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From: Michiel Salters (Michiel.Salters_at_[hidden])
Date: 2001-03-19 03:21:39

std::vector<bool> is probably the most efficient way to stuff any random
number of bits into the smallest space, without domain-specific

But this might be quite inefficient for hash-tables. Optimizing space-time
tradeoffs is very implementation-dependant. E.g. misaligned reads are
more expensive on Sparcs than on x86 , so stuffing 5 bytes of data
in 8 bytes of memory might or might not be the fastest solution.

W.r.t. to your general claim, I'd argue that the ability to store data
efficiently in memory is of limited use: most programs just don't need
that much data at a time. That allows the use of virtual memory.

Michiel Salters

> -----Original Message-----
> From: pinkfloydhomer_at_[hidden] [mailto:pinkfloydhomer_at_[hidden]]
> Sent: Friday, March 16, 2001 11:26 PM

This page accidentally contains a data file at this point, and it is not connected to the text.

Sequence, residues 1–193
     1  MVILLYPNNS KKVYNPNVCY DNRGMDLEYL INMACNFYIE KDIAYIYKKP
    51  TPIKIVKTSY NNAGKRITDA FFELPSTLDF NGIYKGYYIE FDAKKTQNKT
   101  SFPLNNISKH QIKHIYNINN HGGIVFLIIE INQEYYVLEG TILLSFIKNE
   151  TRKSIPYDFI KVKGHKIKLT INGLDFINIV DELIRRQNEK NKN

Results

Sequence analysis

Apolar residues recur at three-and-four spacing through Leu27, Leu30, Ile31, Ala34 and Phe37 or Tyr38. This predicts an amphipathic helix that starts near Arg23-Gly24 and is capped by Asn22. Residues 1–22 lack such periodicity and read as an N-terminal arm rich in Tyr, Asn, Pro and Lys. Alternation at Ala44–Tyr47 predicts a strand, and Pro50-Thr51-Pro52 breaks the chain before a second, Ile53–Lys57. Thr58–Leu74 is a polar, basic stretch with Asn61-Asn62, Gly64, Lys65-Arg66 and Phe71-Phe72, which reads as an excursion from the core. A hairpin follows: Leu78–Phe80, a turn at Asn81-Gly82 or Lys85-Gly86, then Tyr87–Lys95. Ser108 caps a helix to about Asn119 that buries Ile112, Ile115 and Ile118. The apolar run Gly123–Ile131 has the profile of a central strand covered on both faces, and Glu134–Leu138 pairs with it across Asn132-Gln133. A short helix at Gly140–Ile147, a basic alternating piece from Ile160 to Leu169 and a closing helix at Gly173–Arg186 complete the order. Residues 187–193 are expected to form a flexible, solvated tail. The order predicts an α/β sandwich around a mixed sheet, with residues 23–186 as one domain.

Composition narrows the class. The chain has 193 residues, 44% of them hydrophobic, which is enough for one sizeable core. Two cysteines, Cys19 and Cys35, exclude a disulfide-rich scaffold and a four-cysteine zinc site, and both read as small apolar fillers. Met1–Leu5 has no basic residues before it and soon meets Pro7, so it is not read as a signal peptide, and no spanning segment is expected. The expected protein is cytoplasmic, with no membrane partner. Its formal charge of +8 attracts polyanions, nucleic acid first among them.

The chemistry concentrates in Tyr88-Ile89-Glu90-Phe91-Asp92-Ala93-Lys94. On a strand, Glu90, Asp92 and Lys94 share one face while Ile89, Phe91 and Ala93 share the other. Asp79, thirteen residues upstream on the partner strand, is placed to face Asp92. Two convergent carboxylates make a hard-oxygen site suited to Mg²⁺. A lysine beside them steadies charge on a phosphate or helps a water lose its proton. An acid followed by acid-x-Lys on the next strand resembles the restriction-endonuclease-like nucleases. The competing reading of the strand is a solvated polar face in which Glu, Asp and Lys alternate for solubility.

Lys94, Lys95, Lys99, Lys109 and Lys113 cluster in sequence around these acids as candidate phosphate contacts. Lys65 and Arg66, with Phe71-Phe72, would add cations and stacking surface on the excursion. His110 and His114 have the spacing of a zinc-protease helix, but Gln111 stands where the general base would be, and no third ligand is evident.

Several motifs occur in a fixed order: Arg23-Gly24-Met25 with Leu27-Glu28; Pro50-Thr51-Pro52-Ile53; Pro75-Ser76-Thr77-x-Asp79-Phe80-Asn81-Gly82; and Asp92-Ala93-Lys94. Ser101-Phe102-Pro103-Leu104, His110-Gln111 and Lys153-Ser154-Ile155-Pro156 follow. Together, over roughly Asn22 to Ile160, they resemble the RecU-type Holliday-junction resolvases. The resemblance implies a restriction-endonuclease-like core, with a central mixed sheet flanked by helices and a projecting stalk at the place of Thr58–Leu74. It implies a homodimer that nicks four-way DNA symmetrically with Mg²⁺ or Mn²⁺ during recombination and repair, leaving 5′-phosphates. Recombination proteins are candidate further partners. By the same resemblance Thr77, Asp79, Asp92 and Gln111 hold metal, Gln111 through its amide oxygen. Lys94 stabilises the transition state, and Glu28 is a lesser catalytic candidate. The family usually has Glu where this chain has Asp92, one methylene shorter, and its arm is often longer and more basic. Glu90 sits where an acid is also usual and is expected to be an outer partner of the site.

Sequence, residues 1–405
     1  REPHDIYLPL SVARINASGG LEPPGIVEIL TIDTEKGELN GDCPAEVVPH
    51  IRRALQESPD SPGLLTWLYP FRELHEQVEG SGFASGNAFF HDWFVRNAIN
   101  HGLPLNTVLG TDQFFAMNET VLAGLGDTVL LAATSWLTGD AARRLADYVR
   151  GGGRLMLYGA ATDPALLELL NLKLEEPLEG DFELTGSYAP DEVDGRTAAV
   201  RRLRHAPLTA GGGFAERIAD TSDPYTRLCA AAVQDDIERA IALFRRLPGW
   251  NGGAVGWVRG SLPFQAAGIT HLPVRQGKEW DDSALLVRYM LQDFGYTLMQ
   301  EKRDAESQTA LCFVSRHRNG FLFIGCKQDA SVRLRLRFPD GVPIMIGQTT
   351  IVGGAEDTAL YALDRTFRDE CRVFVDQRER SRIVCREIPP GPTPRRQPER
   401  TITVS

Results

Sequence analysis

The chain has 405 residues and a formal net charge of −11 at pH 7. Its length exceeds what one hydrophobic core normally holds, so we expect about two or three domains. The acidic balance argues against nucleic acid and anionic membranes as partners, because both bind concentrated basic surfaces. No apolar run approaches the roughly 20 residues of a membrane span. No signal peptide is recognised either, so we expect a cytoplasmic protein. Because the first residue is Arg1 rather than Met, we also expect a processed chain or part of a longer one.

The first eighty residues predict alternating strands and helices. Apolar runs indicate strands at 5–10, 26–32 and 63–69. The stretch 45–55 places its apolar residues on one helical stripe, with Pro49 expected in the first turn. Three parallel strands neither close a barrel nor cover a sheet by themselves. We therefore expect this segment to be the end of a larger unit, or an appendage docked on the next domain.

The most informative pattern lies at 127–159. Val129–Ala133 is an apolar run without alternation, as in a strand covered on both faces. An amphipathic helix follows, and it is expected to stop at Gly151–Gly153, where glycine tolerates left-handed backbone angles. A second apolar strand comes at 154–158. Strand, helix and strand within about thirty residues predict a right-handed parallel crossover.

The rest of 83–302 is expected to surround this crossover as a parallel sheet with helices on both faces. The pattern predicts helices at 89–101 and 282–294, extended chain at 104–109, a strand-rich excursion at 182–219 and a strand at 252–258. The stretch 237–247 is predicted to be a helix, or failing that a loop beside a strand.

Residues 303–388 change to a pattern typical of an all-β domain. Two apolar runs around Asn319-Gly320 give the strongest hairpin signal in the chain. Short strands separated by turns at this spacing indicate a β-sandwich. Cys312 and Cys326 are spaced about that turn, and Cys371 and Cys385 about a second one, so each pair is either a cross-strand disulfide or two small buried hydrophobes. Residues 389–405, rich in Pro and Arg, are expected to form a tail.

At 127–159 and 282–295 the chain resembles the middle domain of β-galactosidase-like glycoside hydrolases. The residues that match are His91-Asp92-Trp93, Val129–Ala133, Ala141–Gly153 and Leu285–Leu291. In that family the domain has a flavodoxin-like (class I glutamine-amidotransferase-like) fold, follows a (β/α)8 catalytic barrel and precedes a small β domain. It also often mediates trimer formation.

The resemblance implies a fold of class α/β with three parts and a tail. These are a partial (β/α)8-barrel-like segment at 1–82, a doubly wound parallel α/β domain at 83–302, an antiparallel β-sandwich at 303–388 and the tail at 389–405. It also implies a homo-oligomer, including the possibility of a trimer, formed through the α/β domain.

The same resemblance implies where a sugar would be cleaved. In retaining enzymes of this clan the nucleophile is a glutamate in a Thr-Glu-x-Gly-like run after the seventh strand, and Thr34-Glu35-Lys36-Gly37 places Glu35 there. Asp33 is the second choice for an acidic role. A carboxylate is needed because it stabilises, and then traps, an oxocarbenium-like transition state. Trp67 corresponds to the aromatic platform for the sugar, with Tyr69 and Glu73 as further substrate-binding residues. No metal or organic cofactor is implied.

> To: boost_at_[hidden]
> Subject: [boost] Compact Data
> I may be asking a stupid question here, and it might even be off
> topic (it's becoming a bad habit), but here goes:
> Is there currently in standard C++ a structured way to represent data
> compactly, other than the old C bitfields?
> If there isn't, couldn't this be a relevant thing for Boost?
> Sometimes, you just need all the memory you can get, and it would be
> nice if there were a really structured way of doing this.
> In my particular case, I am using a hashtable in a chess program, and
> the performance in practice is directly dependant on effecient
> hashtable operations and space effecient storage of the entries,
> because more entries is better. This is not your typical hashtable,
> but one somewhat adapted to it's specific use, so I can't really use
> anything else. Also, the need to store data effeciently in memory, is
> very general.
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